A new attitude has taken over social media and the behavior of some people: the toxic positivity attitude. What do I mean? Let me explain with this simple analogy. Say you’ve decided to wear your nicest clothes and while walking on the sidewalk you get splashed by a car because of a plugged street drain? Now if you’ve rewired your brain to be full of toxic positivity, you’ll probably get over this in a very short period of time, and maybe even buy new clothes. If you’re a a healthy person who is able to validate your own feelings, rather than dismiss their existence: you’ll probably take yourself to the nearest bathroom, try to clean up the mess, and look not so happy. You’ll also accept the fact this happened and it isn’t going to put a smile on your face, but that’s okay. You know why? Because sometimes it is okay to have normal reactions to unfortunate events. Right?
Isn’t it overwhelming to attempt to have a grin plastered on your face when you are in an uncomfortable social situation? Isn’t it awkward when you see someone who seems to always be in a great mood, secretly crying in the restroom? We’ve all seen it. Most people uncomfortably run from their emotions and others as well. Some have decided this is the path to positivity and I think it’s a path to a denial of reality.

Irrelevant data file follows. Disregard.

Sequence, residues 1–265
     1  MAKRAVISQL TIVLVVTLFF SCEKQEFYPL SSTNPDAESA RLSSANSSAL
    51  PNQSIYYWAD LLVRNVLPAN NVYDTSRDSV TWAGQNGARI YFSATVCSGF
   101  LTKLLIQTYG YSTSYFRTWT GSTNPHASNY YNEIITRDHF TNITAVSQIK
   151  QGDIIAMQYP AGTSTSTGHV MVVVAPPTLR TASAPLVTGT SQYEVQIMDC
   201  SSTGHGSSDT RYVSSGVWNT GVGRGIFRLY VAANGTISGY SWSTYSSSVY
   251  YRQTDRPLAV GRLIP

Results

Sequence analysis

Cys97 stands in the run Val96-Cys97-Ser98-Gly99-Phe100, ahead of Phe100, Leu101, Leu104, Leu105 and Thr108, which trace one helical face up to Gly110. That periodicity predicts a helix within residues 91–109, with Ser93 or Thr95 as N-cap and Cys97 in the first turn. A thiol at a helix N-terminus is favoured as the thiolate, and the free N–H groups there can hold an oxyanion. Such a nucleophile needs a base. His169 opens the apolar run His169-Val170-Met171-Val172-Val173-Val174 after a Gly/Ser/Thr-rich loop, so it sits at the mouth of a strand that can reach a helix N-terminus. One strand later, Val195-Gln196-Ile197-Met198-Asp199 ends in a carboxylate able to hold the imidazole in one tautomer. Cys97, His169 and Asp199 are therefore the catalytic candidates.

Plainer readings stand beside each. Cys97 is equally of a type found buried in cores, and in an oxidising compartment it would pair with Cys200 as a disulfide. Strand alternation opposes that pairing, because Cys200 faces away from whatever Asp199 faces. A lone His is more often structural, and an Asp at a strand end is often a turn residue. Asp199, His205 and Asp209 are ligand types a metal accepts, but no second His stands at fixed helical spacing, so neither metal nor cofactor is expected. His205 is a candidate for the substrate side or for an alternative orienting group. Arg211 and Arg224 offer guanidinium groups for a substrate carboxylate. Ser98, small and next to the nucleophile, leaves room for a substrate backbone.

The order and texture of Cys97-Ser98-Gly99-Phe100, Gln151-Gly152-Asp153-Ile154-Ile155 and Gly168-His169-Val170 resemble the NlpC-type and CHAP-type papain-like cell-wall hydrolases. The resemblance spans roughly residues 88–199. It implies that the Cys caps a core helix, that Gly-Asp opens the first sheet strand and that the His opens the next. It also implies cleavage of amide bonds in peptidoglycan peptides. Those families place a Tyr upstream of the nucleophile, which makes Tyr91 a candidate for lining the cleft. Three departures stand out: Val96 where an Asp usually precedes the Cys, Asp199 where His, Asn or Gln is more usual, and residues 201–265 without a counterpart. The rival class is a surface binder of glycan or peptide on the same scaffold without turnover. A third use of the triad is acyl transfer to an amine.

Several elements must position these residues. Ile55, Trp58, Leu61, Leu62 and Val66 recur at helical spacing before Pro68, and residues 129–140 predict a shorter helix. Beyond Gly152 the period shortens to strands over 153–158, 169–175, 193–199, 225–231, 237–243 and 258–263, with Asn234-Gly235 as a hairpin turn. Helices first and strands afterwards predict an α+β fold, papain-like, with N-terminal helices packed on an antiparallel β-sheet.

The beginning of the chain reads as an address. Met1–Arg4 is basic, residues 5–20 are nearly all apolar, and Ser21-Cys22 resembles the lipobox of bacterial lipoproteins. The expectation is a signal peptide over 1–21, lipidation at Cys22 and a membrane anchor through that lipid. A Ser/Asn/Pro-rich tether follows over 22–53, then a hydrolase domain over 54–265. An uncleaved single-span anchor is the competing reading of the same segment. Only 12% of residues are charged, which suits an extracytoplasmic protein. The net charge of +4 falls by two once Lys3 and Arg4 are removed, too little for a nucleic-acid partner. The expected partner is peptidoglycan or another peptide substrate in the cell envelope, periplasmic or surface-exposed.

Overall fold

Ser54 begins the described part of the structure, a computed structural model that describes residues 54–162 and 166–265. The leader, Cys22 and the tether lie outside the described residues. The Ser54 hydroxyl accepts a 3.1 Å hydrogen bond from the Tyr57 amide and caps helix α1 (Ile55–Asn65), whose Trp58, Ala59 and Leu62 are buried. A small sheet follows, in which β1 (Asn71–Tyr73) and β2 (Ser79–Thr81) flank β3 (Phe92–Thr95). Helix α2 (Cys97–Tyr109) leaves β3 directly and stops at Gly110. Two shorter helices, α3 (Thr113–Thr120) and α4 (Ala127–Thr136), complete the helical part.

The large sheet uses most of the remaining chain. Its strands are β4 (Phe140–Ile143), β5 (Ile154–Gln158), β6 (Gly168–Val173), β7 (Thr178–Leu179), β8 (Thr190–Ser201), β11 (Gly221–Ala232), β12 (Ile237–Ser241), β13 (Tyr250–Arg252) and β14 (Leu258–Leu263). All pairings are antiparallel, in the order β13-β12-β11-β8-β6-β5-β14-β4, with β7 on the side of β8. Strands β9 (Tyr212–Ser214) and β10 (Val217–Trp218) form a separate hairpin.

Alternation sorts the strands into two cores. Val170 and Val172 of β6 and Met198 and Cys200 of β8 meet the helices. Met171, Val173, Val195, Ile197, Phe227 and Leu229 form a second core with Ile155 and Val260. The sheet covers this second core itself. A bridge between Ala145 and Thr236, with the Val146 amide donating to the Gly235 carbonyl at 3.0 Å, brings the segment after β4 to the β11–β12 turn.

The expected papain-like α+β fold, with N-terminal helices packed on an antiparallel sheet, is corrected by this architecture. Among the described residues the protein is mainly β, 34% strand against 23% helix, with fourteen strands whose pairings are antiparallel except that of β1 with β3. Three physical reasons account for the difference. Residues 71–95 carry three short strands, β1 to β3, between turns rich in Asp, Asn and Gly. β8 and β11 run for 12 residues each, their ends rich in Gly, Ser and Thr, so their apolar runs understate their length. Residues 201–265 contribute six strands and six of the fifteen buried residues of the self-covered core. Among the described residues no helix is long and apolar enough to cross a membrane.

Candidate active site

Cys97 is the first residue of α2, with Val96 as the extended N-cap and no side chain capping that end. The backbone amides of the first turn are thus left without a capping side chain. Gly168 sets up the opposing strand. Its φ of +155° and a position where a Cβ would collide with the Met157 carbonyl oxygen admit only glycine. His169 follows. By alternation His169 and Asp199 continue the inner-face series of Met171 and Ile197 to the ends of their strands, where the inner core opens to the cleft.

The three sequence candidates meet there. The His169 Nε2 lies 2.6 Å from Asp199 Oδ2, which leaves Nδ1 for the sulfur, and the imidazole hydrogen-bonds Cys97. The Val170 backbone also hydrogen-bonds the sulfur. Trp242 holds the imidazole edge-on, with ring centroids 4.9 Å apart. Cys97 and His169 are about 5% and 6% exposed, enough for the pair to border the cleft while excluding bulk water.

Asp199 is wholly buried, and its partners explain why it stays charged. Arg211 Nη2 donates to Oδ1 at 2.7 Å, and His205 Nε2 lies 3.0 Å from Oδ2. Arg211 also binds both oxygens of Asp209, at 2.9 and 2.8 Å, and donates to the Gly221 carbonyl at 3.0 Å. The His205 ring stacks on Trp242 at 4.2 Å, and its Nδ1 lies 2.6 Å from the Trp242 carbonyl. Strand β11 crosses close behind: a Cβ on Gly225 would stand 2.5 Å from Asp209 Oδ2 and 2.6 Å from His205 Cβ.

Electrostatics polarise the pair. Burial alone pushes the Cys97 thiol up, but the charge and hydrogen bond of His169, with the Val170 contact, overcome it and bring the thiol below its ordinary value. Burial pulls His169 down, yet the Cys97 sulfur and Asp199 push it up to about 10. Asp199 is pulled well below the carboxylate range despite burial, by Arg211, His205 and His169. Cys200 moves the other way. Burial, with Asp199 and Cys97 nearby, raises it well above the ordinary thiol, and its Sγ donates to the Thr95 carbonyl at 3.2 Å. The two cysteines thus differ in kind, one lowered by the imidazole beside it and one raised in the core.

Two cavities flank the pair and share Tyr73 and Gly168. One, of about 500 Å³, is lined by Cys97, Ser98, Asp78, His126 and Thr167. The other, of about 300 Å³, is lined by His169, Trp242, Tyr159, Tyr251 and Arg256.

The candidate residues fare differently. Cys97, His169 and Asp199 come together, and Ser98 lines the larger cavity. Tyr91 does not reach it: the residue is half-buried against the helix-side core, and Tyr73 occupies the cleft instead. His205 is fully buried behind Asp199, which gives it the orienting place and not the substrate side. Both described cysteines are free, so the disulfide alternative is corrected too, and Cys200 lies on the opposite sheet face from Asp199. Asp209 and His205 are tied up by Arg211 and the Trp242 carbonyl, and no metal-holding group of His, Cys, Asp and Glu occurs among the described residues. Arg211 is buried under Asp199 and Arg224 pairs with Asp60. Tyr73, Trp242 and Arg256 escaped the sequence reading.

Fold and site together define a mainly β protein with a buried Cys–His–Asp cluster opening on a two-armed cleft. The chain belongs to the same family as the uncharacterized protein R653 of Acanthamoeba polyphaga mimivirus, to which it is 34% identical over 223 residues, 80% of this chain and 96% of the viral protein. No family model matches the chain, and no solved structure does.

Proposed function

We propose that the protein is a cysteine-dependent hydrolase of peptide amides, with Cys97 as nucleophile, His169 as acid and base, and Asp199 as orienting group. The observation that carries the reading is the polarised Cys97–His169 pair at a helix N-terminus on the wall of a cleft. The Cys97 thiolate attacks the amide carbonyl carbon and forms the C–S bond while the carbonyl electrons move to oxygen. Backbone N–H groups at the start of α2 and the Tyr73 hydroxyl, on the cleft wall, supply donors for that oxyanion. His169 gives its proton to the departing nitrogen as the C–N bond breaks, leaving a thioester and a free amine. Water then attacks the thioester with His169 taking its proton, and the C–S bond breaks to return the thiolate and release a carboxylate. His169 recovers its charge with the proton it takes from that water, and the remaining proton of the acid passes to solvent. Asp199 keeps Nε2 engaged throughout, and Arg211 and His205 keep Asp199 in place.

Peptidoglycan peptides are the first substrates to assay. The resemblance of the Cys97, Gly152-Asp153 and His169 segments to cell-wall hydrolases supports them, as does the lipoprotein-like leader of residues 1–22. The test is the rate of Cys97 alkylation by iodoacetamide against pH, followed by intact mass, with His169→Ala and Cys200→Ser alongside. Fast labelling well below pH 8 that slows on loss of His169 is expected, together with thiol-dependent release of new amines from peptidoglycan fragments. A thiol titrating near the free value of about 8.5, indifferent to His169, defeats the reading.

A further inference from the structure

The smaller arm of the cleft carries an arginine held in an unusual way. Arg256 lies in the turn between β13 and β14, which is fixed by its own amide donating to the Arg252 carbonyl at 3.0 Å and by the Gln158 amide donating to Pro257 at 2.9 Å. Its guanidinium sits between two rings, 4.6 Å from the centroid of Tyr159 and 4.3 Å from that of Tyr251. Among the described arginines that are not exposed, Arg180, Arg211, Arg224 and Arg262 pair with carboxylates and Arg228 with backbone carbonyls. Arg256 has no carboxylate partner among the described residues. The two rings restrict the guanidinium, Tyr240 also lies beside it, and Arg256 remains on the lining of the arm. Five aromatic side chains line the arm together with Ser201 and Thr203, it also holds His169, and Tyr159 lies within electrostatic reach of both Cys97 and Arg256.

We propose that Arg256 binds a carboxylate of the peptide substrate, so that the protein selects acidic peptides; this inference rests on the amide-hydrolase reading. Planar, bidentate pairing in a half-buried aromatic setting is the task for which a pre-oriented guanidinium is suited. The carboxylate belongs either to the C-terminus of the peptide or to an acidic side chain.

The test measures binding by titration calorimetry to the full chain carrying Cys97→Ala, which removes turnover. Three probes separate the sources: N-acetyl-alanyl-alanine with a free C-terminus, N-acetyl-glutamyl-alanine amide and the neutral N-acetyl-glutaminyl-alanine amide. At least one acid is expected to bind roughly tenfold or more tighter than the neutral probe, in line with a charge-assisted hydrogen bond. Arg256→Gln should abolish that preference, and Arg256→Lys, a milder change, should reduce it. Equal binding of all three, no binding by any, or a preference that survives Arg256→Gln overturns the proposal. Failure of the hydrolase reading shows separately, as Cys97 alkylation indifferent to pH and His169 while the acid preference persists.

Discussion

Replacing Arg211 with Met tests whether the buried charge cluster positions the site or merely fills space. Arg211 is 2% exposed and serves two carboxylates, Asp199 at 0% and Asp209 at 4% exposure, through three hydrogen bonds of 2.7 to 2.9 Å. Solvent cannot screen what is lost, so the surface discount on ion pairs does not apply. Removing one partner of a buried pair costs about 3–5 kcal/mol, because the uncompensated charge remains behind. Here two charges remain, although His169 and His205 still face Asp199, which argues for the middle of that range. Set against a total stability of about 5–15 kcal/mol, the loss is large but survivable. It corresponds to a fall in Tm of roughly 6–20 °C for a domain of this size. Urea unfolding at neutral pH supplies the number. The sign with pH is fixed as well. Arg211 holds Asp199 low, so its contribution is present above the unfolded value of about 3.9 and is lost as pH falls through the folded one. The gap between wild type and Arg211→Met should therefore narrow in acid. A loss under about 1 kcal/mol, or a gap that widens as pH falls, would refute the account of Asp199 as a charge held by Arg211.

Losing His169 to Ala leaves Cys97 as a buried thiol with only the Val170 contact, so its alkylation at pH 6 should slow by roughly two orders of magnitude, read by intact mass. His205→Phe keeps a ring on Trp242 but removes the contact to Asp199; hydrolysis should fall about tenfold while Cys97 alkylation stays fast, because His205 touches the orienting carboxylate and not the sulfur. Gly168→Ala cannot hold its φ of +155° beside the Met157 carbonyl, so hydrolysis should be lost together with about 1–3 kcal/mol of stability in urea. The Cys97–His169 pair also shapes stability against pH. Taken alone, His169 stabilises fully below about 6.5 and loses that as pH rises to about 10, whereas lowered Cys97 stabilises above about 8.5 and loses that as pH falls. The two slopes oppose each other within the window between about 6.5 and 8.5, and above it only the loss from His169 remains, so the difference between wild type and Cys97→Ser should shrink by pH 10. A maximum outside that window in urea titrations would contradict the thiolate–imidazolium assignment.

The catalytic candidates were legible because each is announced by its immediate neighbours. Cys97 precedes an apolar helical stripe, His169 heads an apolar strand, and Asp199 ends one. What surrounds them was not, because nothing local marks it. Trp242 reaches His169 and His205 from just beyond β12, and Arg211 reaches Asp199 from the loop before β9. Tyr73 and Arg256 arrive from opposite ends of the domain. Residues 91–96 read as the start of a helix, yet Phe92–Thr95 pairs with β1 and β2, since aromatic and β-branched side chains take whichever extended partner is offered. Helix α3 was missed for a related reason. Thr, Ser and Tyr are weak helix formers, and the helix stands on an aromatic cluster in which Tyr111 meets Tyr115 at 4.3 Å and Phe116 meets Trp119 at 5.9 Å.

You can’t appreciate the light if you have not faced the dark. As cliche as it sounds, it is undeniably true. Those who face reality are often labeled by these toxic positivists as: “too negative, pessimistic, cynical, not fun, and a downer.” So be it. Their strength was not forged out of unicorns and rainbows, but out of introspection, observance, awareness and realism.
When we accept as a society phrases like get over it, be positive and anything is possible, just be full of bliss, and just see the greatness in the world, what are we doing? We are not only diminishing our right to feel normal reactions but also the right for others to feel normal reactions. This pressure is immensely painful to place upon those who are already suffering with facing obstacles in their life which can cause health, financial, or personal consequences. It can contribute to this unrealistic expectation cycle where they feel as if something is wrong with their outlook, when in fact something is wrong with the person who bottles up their darkest emotions instead of accepting them. Instead of accepting it as part of the journey of life. And as humans, we should not be transfixed into feelings only positive emotions. It is not the way to real, mature, healthy transcendence. Thank you.